Balanced Puppy Training


Learning how to correctly balance obedience and energy in puppies (dogs, too) is SO important.  It is MUST, not only to reside with your puppy in harmony, but to be FAIR to your canine. 

For example, I think most would believe there is nothing wrong with asking children to contain themselves at the dinner table, in the movies, in a library, etc….BUT there needs to be a release to balance that out. 

Now that release doesn’t have to be a free-for-all, there should be rules and boundaries, BUT there needs to be a release so your canine can enjoy his time, too!

All work and NO play Doesn’t Make a Happy Person

Even with humans, all work doesn’t make us whole.  We need a release, an out, a time where we are for the most part “free.” 

Now we know that we aren’t 100% free because we do have to abide by the rules & regulations that a civilized society has.  Canines do, too; however, we can let our hair down a little to take the edge off & we can do it for our dogs as well.

We MUST do it for our dogs to maintain a healthy relationship and to also prevent or at least minimize other problems that can stem from too much obedience and not enough of releases.

Incorporating Play into a Training Program Can Help!

Using the example of taking your dog for a successful 30-minute obedient walk only to get home and find that he has this stored energy that “NEEDS” to be released.  While your walk may have been great, it seems like you’ve traded in a nice walk for less than desirable behavior inside.  This is what balance is.  Now we need to provide balance while keeping peace. 

So, what happened?  You’ve asked your puppy to be obedient for an extended period by placing some restrictions on him or her.  For the most part, they’ve complied. Just as it is different for every person, it is for every dog.  When does enough, become enough?

Whence, balance!  The walk was all obedience, 100% obedience, we need a 50/50 balance.  So, what can we do to get that?  After a walk, I personally, will take a break with a puppy and crate them immediately (they have just stretched their legs a bit and now it is time for them to relax a little).

There’s another reason, too.  A VERY important reason why I would crate and not immediately jump into a play session, but I will save that for our in-home, Long Island dog training lesson clients! 

That said, after 15 minutes of crate/playpen time, I would take him out and have a play session (all training equipment would be on and toys and treats would be on my persons and ready to GO!). 

There is a specific way I like to run my play sessions as to not have my puppy believe that he can do whatever he wants but at the same time have him or her believe they are free.  This concept is easier explained/shown in person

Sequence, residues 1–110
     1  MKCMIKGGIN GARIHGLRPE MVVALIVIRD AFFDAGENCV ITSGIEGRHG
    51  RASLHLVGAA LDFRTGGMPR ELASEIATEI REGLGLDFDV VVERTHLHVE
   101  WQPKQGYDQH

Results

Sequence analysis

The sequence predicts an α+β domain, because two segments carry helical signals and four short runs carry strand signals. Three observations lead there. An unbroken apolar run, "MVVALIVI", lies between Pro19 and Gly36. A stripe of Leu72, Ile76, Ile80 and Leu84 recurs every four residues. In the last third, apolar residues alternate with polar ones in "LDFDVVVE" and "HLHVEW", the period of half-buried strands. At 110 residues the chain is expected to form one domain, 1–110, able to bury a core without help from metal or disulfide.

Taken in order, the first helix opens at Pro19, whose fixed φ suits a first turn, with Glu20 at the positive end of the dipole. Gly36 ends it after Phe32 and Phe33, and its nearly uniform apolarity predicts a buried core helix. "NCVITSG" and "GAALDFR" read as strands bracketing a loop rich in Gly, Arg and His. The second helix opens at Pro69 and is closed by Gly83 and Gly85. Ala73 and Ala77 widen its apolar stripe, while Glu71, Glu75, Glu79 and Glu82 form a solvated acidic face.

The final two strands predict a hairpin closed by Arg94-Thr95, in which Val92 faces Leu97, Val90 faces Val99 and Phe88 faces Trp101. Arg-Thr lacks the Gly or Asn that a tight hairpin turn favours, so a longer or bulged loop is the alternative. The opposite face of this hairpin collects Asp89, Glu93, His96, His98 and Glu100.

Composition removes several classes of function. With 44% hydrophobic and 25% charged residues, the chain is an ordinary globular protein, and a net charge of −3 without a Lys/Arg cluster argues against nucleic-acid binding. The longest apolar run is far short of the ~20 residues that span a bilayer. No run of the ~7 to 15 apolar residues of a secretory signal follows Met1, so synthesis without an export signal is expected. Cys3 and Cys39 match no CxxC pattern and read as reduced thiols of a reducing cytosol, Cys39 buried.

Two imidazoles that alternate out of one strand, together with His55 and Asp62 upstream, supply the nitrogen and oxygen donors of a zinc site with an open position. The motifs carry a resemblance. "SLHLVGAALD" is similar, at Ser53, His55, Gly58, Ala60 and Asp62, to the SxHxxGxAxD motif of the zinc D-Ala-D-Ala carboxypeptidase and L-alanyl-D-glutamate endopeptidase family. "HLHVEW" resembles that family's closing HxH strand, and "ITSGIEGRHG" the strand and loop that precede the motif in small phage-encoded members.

After a play session we have now balanced the walk (obedience) and play (release) to a 1:1 ratio.  In other words, your canine should incrementally understand that they should follow your commands but also understand that commands are a temporary direction, not ALL DAY, EVERYDAY events – what kind of life would that be without having the freedom to express yourself?

Use the Crate in Conjunction with Obedience Training

In my opinion, there’s another mistake that I see puppy owners make way too often.  This is NOT using the crate enough.  If you’re doing what you’re supposed to do which is:

  1. walk your puppy,
  2. play with your puppy,
  3. feed your puppy,
  4. give affection to your puppy,

you are allowed to do other things that do not require you to give your puppy 100% of your time; when this happens, bring your puppy to the babysitter.  The babysitter is not far, is free, will never undermine you……it is the crate or playpen area.

By employing the crate in those instances, when you do not want to or have time to be a puppy trainer, should greatly REDUCE bad habits from forming.

The last thing in the world you’d want to do is to have your puppy believe that there are times that they do not have to be obedient to you; this usually happens when you are not committed at the moment to your puppy, and they act with no interruption from you because you are busy with other things at that moment. 

Your puppy will probably internalize that sometimes there’s follow-up and sometimes there’s not.  This will lead to a puppy taking more and more chances to defy you. 

What boss are you more likely to slack off with, the supervisor that hardly ever checks up on you or the one that frequently shows their face and provides you with feedback/direction?

Have Questions? Please Feel Free to Share

Please feel free ask any questions you’d like or post comments. We’d be more than happy to help and provide information to your specific situation.

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